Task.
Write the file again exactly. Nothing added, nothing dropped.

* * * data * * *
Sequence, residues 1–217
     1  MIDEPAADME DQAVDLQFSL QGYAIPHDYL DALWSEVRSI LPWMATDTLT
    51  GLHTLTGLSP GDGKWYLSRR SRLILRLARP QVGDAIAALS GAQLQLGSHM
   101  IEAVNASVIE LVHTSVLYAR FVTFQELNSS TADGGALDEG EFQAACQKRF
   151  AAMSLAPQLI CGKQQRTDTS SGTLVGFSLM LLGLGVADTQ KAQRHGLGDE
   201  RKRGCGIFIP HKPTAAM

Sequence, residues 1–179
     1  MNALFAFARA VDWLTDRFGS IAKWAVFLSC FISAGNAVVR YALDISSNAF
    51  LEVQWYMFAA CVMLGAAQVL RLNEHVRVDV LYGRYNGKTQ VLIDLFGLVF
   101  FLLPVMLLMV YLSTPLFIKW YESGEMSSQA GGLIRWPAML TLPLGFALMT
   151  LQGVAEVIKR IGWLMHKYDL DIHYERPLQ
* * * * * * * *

Sequence, residues 1–217
     1  MIDEPAADME DQAVDLQFSL QGYAIPHDYL DALWSEVRSI LPWMATDTLT
    51  GLHTLTGLSP GDGKWYLSRR SRLILRLARP QVGDAIAALS GAQLQLGSHM
   101  IEAVNASVIE LVHTSVLYAR FVTFQELNSS TADGGALDEG EFQAACQKRF
   151  AAMSLAPQLI CGKQQRTDTS SGTLVGFSLM LLGLGVADTQ KAQRHGLGDE
   201  RKRGCGIFIP HKPTAAM

Sequence, residues 1–179
     1  MNALFAFARA VDWLTDRFGS IAKWAVFLSC FISAGNAVVR YALDISSNAF
    51  LEVQWYMFAA CVMLGAAQVL RLNEHVRVDV LYGRYNGKTQ VLIDLFGLVF
   101  FLLPVMLLMV YLSTPLFIKW YESGEMSSQA GGLIRWPAML TLPLGFALMT
   151  LQGVAEVIKR IGWLMHKYDL DIHYERPLQ